That's what Ben and Penelope's back-and-forth made me miss and made me remember about why this was rewarding to do. My Shortification of Content post that I just linked to talks about long back-and-forth e-mail conversations with people, and how I worry that Twitter and Facebook have killed that-- with the competing theory that it's really more about getting older, and 23-year-olds have the time and inclination to write about what's in their heads in a way that 30-year-olds don't.
But that's not a rule. Even if it's a pattern, it's not a rule.
I have five (six?) alternative theories about why blogging feels different now. Stick with me, we're getting to some new ground I hope.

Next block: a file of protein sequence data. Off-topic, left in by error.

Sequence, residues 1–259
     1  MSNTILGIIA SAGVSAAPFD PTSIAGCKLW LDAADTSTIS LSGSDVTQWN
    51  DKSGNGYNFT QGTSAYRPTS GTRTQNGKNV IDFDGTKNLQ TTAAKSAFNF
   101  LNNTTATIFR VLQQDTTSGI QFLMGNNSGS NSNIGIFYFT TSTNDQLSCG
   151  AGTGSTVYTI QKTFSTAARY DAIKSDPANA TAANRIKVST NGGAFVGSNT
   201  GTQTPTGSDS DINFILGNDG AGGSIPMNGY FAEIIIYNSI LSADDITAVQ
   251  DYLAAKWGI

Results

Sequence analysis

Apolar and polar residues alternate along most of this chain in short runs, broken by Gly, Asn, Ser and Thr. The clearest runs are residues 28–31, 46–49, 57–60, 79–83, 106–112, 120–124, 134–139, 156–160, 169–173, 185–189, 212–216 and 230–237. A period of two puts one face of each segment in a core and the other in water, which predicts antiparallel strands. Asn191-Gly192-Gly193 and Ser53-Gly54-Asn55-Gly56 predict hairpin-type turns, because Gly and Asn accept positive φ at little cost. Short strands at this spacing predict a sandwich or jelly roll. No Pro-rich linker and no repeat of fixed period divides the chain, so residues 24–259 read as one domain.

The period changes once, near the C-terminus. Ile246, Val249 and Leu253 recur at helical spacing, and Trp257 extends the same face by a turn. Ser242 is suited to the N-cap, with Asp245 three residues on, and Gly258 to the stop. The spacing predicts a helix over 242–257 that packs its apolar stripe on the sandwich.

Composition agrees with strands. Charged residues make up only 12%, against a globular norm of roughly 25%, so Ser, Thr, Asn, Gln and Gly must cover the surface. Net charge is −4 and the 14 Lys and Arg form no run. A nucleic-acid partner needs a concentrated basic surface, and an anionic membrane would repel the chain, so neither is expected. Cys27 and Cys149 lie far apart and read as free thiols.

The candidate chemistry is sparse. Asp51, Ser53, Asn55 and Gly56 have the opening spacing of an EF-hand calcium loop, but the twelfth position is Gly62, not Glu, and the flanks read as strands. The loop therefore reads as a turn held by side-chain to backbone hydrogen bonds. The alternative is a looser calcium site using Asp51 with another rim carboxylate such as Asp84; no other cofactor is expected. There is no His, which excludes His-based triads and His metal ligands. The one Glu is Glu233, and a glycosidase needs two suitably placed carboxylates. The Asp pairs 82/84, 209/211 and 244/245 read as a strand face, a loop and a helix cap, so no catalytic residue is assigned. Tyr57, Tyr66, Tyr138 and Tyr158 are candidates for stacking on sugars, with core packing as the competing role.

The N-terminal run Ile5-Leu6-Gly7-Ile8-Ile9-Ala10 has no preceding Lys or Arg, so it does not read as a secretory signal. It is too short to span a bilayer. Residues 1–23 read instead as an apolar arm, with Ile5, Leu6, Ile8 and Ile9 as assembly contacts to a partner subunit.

1. I have less to say. Can argue that very convincingly and can almost make myself believe it, but it's probably not true. I often didn't have a lot to say in law school and I still blogged about it. I have opinions about things, I read things, I watch things, I do things. I don't have less to say, I'm just less motivated to blog it.
2. At some point, the stakes of blogging felt higher. Absolutely true. It's one thing to write about e-mails the Career Services office sends you, it's another to write about talking to folks at NBC about an Anonymous Lawyer sitcom. I never felt like I crossed the line in law school, as far as blogging about professors or anything like that in a way that I felt could get me in trouble-- but to even touch on any of the stuff with the TV project or meetings I was having felt so dangerous. Mostly because so little of it was within my control. I had-- and still have-- no idea what the decisions hinge on, or what kinds of conversations were going on without me, or how little it could theoretically take to kill something. I wasn't going to give anyone any reason to think there was even a risk I would be writing about something I shouldn't be.